Humbug, meaning trick, jest, hoax or deception, appeared in English in the 1750s & became instantly popular – nearly as popular as the numerous wild theories as to humbug’s origin. It continues to vex etymologists, as the puzzle remains unanswered, though speculation has been going on since the word’s arrival in the language,

The verb, to beef, showed up in the 1880s, meaning to complain, from the noun beef, meaning a complaint, which appeared in that same decade. Though the hypothesis has been floated that both these meanings stem from soldiers lodging complaints about the quality of the beef they were served, it remains a hypothesis, & nobody knows for sure.

Tantrum entered the language in 1714. Its source is almost universally considered unknown, though a contributor at English Language & Usage suggests possible connections to the prankish capering involved in something called the tarantula dance. This same contributor also dug up a 1675 usage (not recognized in most etymological sources) in which tantrum clearly refers to the male organ. All this goes to prove that day and night, hard-working etymologists are mining the circuitous & oddly fascinating depths of word history.

What other words do we use to describe the actions or nature of difficult people? Leave some suggestions in the comments section.

My thanks go out to this week’s sources the OED, English Language & Usage, & Etymonline.

Thursday, August 1, 2013

Food = Mess

Food = Mess

When it comes to etymologies, food is messier than one might think.

Though some have assumed the military term mess comes from the Latin word for table (mensa), it actually comes from another Latin word, mittere, to send away or put, & simply suggests that someone has put the food on the table. It appeared in our language in the late 1300s. Interestingly, mass in the religious sense comes from the same source. So, the word mess isn’t really a mess at all, but these food words are:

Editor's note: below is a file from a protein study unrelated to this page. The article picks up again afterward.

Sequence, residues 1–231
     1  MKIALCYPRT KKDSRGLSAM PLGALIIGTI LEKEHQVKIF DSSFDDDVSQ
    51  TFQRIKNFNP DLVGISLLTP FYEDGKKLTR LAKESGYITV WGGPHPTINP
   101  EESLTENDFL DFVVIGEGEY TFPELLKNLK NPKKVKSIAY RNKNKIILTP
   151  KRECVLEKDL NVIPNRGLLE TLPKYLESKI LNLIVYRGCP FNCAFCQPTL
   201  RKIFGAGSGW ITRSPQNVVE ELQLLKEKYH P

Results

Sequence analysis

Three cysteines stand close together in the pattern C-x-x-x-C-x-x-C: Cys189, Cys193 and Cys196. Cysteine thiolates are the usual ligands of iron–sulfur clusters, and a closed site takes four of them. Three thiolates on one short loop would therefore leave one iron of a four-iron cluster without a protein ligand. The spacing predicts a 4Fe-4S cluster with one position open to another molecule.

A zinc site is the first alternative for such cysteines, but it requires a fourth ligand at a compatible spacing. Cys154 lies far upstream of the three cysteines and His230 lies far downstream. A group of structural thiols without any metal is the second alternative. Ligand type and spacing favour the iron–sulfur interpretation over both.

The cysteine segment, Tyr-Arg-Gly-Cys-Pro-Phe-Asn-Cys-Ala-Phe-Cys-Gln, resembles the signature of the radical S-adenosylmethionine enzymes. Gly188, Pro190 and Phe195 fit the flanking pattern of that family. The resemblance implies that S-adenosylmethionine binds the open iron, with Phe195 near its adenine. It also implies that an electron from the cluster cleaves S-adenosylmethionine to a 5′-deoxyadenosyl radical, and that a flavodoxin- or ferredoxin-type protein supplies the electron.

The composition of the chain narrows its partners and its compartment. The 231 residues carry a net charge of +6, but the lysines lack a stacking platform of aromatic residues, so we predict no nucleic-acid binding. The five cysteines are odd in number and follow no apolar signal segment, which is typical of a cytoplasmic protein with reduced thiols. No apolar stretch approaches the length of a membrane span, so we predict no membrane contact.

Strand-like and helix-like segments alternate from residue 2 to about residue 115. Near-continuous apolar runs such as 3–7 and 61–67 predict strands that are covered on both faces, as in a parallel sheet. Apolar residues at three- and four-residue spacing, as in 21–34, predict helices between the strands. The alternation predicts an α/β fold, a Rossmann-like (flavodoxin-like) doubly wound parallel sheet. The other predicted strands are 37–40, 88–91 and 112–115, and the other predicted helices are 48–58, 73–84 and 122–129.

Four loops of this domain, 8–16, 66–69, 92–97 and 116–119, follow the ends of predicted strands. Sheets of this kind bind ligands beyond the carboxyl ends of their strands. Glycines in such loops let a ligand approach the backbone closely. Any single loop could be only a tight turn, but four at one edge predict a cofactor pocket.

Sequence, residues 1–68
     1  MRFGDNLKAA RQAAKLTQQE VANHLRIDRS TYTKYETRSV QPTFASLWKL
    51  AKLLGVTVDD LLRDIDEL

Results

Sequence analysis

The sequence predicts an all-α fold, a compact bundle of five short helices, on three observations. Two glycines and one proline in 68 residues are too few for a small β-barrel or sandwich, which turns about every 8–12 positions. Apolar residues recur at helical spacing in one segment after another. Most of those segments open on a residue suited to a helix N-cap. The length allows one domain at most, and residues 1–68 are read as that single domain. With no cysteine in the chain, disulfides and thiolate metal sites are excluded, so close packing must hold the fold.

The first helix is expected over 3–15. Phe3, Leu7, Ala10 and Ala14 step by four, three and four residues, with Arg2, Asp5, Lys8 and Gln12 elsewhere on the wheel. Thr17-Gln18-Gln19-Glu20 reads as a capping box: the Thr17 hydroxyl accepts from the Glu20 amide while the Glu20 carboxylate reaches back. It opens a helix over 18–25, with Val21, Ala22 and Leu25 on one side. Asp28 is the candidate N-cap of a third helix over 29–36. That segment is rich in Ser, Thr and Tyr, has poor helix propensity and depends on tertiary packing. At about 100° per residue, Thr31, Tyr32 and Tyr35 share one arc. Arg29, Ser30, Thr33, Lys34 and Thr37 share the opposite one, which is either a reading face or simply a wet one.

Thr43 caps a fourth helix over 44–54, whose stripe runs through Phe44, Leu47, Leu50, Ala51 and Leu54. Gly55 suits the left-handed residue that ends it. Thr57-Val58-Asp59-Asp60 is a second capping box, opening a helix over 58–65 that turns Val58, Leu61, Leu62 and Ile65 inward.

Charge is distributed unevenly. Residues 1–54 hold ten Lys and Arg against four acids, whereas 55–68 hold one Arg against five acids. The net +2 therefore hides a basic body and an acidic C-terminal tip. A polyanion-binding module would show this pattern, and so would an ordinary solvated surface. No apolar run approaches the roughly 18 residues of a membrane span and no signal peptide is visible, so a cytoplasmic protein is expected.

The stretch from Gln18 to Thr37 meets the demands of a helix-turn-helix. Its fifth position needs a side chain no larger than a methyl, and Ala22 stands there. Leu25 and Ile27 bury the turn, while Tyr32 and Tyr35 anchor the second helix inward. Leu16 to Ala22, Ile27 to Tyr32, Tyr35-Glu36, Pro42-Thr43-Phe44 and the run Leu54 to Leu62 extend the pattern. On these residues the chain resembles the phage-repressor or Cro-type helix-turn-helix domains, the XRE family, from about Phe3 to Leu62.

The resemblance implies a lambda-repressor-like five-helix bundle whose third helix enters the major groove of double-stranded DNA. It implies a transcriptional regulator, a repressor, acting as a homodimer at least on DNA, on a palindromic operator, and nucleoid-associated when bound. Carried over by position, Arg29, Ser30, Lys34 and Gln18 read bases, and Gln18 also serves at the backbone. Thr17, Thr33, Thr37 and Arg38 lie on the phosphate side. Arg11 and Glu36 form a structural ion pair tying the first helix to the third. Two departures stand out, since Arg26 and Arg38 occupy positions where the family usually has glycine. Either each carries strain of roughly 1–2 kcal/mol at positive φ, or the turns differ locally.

Hash comes from the French word hacher, to hack or chop into small pieces. It entered English in the 1660s.The French word came from the Old French word for ax, hache. It doesn’t take much imagination to see that hash & hatchet are related. Here’s hoping nobody’s hash was hacked or chopped into small pieces with a hatchet (a messy process at best). By 1735, hash acquired the secondary meaning, a mix or mess.

Shambles showed up in English in the late 1400s, meaning meat or fish market, and came from the Old English word scomul (or scaemul), meaning stool or table for vending. By the 1540s, shambles meant slaughterhouse. This meaning became generalized by 1590 to mean place of butchery, & it wasn’t until 1901 that the meaning of shambles became generalized enough to mean confusion or mess.

Hodgepodge entered English in the late 1300s as hotchpotch, a kind of stew. It appears that the word is a hodgepodge itself, the first bit coming from Old French, meaning to shake, and the second part coming from German, probably derived from Late Latin, meaning cooking vessel (related to our modern day cooking vessel, the pot). Though multiple sources list possible ingredients for this kind of stew, each source seems to provide a different list. My read on this is that nearly anything one shook into the pot for a few centuries on the British Isles could’ve been referred to as hodgepodge.

In 1894 a variant of bologna was born – baloney! The term referred to a sausage made of odds & ends. By 1922, possibly through association with the term blarney, baloney came to mean nonsense, which isn’t quite a synonym with mess, though one could argue that the odds & ends that went into bologna/baloney might qualify as such.

Anyone who has ever bussed a table or eaten in the vicinity of a two-year old is familiar with the equation food = mess. Might these etymologies simply reflect that reality?

My thanks go out to this week’s sources the OED, Hugh Rawson’s Devious Derivations (Castle Books, 2002), Wordnik & Etymonline.